A few days ago

need some history help?

im a bit confused on these two

First Continental Congress was a meeting of delagates from most of the colonies held in 1774 in response to the coercieve acts right? So what was the Second Continental Congress????

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A few days ago

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Second Continental Congress

The Second Continental Congress was a body of representatives from all walks of life appointed by the legislatures of thirteen British North American colonies which met from May 10, 1775, to March 1, 1781. It was the body which adopted the Declaration of Independence and the Articles of Confederation. During the American Revolution, it acted as the de facto national government of the United States by raising armies, directing strategy, appointing diplomats, and making formal treaties.


Its predecessor the First Continental Congress had sent entreaties to the British King George III to stop the Intolerable Acts and had created the Articles of Association to establish a coordinated protest of the Intolerable Acts; in particular, a boycott had been placed on British goods. That First Congress provided that the Second Continental Congress would meet on May 10, 1775, to plan further responses if the British government had not repealed or modified the Intolerable Acts.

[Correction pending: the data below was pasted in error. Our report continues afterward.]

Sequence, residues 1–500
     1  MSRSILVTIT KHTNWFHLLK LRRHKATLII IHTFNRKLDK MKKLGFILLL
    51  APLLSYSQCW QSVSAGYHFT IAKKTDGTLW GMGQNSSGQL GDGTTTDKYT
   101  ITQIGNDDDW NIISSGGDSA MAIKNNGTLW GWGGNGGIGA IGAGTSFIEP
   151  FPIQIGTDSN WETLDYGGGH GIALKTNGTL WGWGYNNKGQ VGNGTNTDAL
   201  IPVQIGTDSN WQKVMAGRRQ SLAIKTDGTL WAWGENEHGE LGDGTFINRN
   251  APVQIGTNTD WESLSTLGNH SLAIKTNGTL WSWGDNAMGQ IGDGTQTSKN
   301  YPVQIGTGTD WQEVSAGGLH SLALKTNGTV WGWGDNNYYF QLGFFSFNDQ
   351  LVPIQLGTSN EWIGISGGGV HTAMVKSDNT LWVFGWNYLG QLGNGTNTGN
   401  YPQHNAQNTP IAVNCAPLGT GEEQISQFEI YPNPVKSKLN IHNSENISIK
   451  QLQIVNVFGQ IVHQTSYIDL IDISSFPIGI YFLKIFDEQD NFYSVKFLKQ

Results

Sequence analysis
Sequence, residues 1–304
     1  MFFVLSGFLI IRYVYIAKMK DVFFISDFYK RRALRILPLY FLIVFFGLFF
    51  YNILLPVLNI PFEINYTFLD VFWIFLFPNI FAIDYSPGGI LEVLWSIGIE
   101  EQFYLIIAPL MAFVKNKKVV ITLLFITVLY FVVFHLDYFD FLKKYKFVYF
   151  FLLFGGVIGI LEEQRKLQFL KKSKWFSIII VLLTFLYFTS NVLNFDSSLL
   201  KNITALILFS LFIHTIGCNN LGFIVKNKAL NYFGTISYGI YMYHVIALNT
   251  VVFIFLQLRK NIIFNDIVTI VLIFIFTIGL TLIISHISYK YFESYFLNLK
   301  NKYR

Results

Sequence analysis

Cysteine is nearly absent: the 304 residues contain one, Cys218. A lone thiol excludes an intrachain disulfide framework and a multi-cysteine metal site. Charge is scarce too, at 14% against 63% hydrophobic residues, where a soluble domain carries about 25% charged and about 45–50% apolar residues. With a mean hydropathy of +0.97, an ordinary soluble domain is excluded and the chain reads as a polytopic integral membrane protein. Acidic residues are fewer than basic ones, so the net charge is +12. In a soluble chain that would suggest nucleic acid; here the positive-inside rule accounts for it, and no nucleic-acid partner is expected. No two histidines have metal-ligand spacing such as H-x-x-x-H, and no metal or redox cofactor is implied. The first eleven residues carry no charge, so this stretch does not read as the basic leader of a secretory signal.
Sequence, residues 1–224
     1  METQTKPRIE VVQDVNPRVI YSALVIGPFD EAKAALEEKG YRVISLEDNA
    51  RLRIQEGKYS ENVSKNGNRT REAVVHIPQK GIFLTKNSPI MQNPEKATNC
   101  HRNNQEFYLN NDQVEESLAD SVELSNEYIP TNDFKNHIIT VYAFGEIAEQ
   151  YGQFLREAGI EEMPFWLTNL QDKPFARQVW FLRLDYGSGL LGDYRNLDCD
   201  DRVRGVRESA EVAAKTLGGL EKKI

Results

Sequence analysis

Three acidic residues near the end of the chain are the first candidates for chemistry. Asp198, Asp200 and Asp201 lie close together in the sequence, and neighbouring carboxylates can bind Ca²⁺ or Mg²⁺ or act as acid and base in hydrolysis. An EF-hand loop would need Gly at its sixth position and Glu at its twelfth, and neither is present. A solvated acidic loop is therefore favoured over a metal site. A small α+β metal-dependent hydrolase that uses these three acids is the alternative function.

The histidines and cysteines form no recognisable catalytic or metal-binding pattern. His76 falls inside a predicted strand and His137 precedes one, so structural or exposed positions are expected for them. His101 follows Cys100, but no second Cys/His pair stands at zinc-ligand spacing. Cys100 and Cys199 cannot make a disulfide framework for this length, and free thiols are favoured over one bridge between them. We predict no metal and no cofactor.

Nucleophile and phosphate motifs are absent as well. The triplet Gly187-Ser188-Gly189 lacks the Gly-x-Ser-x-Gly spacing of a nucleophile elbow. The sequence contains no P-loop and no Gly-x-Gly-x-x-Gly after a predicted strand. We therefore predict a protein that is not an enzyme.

By the time the Second Continental Congress met, the American Revolutionary War had already started with the Battles of Lexington and Concord. The Congress was to take charge of the war effort. For the first few months of the struggle, the rebels had carried on their struggle in an ad-hoc and uncoordinated manner. They had seized arsenals, driven out royal officials, and besieged the British army in the city of Boston. On June 14, 1775, Congress voted to create the Continental Army out of the militia units around Boston and quickly appointed Congressman George Washington of Virginia as commanding general of the Continental Army. On July 6, 1775 Congress approved “A Declaration by the Representatives of the United Colonies of North-America, now met in Congress at Philadelphia, setting forth the causes and necessity of their taking up Arms.” On July 8, Congress extended the Olive Branch Petition to the Crown as a final attempt at reconciliation. King George III refused to receive it. Silas Deane was sent to France as a minister (ambassador) of the Congress. American ports were reopened in defiance of the Navigation Acts.

Although it had no explicit legal authority to govern , it assumed all the functions of a national government, such as appointing ambassadors, signing treaties, raising armies, appointing generals, obtaining loans from Europe, issuing paper money (called “Continentals”), and disbursing funds. The Congress had no authority to levy taxes, and was required to request money, supplies, and troops from the states to support the war effort. Individual states frequently ignored these requests. According to one historian, commenting on the source of the Congress’ power: